Born London 1964, British. Lives and works in London Studied 1989–90 Slade School of Fine Art, London (Postgraduate Higher Diploma in Sculpture) and 1987–89 West Surrey College of Art and Design (BA (Hons) Sculpture) Solo Exhibitions 2006 Punctum and Nebula, Hull Art Lab, Hull 2004 Nothing will come of nothing, Wolsey Art Gallery, Ipswich; Semi-Rhythm, Whitechapel Project Space, London; What the eye canít see the heart canít grieve for, a temporary public artwork at Queen Mary, University of London 1999 Idyll, Mattís Gallery, London 1995 Scrutiny, Matt’s Gallery, London Group Exhibitions 2005 Fiona Crisp, Matthew Tickle, Phillip Warnell, Matt’s Gallery, London 2003 Revision, Pitfield Street, London; Donít start from the good old things but the bad new ones, Whitechapel Project Space, London 2002 The Green Room, Percy Miller Gallery, London 2001 Dead-wall Reverie, Five Years, London, curated by Valerie Sutton 2000 Tourist, site-specific project commissioned by Space Explorations, London [catalogue] 1998/99 Furniture, Richard Salmon Gallery, London, John Hansard, Southampton and Bluecoat Art Centre, Liverpool [catalogue] 1998 BACKSPACE, Matt’s Gallery, London 1997 In Residence, In Transit, The Stanley Picker Gallery for the Arts, Kingston University 1996/7 Plastic, Richard Salmon Gallery, London; Arnolfini, Bristol; Walsall Museum & Art Gallery, Walsall [catalogue] 1996 High Rise, Space Explorations at 110 Euston Road, London [catalogue] 1995 Animale Domestici, Hollandstraat 20, Antwerp 1994 Tight, The Tannery, London; 1 million cubic feet, Space Explorations, Holborn Old Town Hall 1993 Mehr Licht (with Marcus Eisenmann), Goethe Institute, London; Hull Town Dock Museum as part of the Hull Sculpture Symposium 1992 Public installation at the Electric Light Station, presented by Space Explorations 1990 Work commissioned by the Whitechapel Art Gallery, London as part of ĎWhitechapel Artists Awards 1990í; Public installation at the Old Royal Observatory, London, presented by Space Explorations; Public installation at the British Rail Arch, Beck Road, London, presented by Space Explorations Scholarships, awards and residencies 2004 Cocheme Fellowship, Byam Shaw 2002 ESPRC Engineering and Physical Sciences Research Grant 2001 Calouste Gulbenkien Foundation Research Grant 2000 LAB Visual Arts Fund: Artists 1995 Arts Foundation Fellowship 1994 Rachel Whiteread / K Foundation Award 1991 Whitechapel Artistsí Award 1989/90 The Picker Fellowship in Sculpture at Kingston Polytechnic 1989 Boise Travel Scholarship Teaching (part-time) since 1993 includes MA Art & Architecture, University of East London; MFA Sculpture, Slade, University College London; BA Fine Art, Middlesex University; BA Fine Art, Ruskin School, University of Oxford; BA Fine Art, Norwich School of Art; Wimbledon School of Art, University of the Arts, London



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Bibliography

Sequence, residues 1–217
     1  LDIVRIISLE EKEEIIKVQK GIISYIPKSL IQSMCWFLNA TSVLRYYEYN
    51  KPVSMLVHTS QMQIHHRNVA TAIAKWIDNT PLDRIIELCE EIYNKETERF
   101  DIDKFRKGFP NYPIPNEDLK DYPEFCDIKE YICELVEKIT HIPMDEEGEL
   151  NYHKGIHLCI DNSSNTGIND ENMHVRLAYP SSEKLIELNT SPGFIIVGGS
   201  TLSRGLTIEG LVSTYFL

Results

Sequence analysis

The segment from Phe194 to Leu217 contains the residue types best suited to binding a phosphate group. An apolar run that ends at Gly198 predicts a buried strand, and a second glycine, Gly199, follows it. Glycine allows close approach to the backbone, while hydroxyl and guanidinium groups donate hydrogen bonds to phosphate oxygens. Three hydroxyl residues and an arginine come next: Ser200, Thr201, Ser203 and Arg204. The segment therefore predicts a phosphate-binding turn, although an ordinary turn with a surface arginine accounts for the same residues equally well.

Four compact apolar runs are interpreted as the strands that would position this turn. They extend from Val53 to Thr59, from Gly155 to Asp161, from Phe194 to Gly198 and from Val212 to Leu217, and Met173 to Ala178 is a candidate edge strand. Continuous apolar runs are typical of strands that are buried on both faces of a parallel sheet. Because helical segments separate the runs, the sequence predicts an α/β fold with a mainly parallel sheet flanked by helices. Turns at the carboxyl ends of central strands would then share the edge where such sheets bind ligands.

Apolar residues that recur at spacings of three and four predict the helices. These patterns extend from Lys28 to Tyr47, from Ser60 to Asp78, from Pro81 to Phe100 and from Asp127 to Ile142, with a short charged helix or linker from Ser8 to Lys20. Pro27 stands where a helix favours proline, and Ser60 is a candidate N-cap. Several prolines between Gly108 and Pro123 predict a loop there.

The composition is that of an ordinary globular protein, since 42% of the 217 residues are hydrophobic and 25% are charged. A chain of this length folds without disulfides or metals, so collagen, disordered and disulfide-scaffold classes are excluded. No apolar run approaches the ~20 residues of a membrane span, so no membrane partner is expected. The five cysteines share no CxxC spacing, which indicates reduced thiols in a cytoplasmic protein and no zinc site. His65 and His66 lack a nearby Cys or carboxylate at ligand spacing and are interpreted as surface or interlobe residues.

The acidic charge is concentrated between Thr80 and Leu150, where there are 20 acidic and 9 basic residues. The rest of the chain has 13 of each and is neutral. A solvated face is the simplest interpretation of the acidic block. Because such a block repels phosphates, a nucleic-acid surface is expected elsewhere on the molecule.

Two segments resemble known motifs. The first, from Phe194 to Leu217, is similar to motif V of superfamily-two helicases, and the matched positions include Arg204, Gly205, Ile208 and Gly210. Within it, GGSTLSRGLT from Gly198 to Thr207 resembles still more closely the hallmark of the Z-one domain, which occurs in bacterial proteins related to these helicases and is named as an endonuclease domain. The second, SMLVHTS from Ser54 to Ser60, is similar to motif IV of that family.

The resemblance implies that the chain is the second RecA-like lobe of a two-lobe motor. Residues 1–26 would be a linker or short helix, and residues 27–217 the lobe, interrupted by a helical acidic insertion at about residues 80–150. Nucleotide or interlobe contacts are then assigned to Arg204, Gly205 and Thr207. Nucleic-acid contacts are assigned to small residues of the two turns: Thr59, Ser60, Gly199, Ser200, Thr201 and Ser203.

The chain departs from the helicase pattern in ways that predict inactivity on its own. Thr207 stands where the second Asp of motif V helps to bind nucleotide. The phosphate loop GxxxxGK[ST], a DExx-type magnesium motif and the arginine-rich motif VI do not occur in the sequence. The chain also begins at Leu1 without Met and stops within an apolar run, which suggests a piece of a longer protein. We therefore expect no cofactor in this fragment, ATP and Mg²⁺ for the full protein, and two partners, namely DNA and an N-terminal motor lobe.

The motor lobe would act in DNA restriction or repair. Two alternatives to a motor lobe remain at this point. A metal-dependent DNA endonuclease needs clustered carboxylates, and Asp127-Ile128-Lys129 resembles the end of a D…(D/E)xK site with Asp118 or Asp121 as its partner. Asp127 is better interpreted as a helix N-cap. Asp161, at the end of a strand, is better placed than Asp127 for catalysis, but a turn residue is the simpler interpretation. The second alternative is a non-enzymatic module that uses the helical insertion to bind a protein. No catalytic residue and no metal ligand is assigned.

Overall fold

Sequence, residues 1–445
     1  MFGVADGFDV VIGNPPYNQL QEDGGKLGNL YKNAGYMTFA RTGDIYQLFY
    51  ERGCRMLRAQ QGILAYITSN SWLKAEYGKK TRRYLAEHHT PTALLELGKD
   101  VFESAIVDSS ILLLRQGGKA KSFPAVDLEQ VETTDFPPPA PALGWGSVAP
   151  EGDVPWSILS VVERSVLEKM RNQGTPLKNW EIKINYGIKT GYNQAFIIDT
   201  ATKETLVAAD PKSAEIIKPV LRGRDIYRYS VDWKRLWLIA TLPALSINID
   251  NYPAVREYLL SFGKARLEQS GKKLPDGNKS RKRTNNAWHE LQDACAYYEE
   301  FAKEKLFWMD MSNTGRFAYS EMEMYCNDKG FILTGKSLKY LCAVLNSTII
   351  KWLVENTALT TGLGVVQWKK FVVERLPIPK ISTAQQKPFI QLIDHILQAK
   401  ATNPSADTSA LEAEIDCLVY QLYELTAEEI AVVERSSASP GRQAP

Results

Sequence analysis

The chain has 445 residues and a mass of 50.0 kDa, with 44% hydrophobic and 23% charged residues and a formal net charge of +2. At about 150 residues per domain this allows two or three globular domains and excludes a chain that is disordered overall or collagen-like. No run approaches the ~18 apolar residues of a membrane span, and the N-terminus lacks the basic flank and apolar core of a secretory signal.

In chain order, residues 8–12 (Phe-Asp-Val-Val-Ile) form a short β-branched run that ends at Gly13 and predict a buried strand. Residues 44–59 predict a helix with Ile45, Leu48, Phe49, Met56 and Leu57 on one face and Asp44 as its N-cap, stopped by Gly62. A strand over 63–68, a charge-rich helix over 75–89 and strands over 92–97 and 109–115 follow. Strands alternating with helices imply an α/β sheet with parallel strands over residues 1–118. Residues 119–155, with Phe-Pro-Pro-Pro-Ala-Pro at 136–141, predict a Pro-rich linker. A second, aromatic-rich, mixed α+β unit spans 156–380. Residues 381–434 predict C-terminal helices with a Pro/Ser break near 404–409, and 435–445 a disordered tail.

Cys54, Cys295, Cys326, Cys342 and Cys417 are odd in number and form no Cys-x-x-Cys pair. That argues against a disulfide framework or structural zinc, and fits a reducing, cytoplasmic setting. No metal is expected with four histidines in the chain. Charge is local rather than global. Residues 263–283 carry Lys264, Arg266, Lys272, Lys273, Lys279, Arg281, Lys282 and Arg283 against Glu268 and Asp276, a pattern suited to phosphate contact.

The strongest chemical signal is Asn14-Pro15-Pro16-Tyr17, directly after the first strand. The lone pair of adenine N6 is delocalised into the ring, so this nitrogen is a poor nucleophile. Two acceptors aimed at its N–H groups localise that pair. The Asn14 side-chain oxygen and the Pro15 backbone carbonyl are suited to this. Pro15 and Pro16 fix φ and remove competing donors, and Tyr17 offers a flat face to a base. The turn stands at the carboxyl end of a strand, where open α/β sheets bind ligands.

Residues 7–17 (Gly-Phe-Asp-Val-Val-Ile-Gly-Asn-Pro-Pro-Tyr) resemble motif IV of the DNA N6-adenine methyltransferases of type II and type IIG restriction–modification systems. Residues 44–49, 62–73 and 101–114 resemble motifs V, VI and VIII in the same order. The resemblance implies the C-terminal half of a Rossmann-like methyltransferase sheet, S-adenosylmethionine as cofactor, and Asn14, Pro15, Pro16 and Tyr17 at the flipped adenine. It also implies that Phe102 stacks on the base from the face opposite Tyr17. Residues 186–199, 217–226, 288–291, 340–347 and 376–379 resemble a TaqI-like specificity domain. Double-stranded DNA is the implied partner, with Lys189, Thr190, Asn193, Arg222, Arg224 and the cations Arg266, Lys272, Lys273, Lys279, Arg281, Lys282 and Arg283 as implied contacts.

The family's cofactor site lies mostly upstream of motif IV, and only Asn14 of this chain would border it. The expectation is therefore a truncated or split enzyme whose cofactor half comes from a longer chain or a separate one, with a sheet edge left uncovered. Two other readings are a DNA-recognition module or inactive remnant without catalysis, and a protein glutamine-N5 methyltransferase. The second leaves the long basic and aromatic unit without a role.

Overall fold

2005 Fiona Crisp, Matthew Tickle, Phillip Warnell, Helen Sumpter, Time Out, issue 1831, 21-28 December; Fiona Crisp/Matthew Tickle/Phillip Warnell, Sarah James, Art Monthly, issue 290, October; Lighting up the background, Colin Martin, nature magazine, issue 437, 6 October 2005 Matthew Tickle, Sally O’Reilly, Art Monthly, Issue 274, March; Just sugaring the pill?, Miria Swain, Mute, issue 27, Winter/ Spring 2000 Matthew Tickle/ Matt’s Gallery, Catherine O’Shea, What’s On, 3 November ; Matthew Tickle at Matt’s Gallery, James Hall, Artforum, January; Matthew Tickle at Matt’s, Janet Koplos, Art in America, February; Art of the Luminous, Roy Exley, CVA, Issue 25, 1999 Matthew Tickle: Idyll, London Zok, Issue No. 17, November; Matthew Tickle, Evening Standard, 5 November; Matthew Tickle, Laura Moffat, Art Monthly, No 231, November; London Art Notices, Sacha Craddock, londonart.co.uk.magazine, November; Matthew Tickle, Martin Herbert, Time Out, No.1523, 27 October; Idyll, The Independent, 3 October; Idyll, Space, The Guardian, 16 September; Choice of the Week, The Guide, The Guardian, 11 September; High-Rise, David Barrett, Art Monthly, No.226, May; High-Rise, Mark Currah, Time Out, 15 May; Furniture I and II, Lisa Panting, Contemporary Visual Arts, Issue 23; Furniture, Deborah Schultz, Art Monthly, No. 225, April; 1996 Plastic, Jonathan Jones, Untitled, No. 12, Winter; ARTS, The Times, 10 September; Visual Arts , Adrian Searle, The Guardian, 27 August; Plastic, Sarah Kent, Time Out, Volume 1358, 28 August Publications 2005 What The Eye Can’t See The Heart Can’t Grieve For, a DVD documenting the temporary public artwork, with accompanying booklet of essays by Dr Fay Dowker and Sally O’Reily, published by Matt’s Gallery, London 2001 Idyll, a book-work with accompanying essay: ‘Installation and Photography: Matthew Tickle’s Idyll’ by Michael Newman, published by Matt’s Gallery, London, ISBN 0 907623 36 0 2000 Tourist, text by Steven Spier, published by Space Explorations, ISBN 0 9531 68913 1999 Furniture, texts by Martin Herbert, Joan Key, and Paul Heber-Percy, published by Richard Salmon Gallery, London, ISBN 1 873550 11 1; Space Explorations, texts by Penelope Curtis, Mel Gooding, Mark Currah and David Barrett, published by Space Explorations, London, ISBN 0 9531689 0 5 1996 Plastic, text by Neil Cummings, with foreword by Joan Key & Paul Heber-Percy, published by Richard Salmon Gallery, London, ISBN 1 873550 01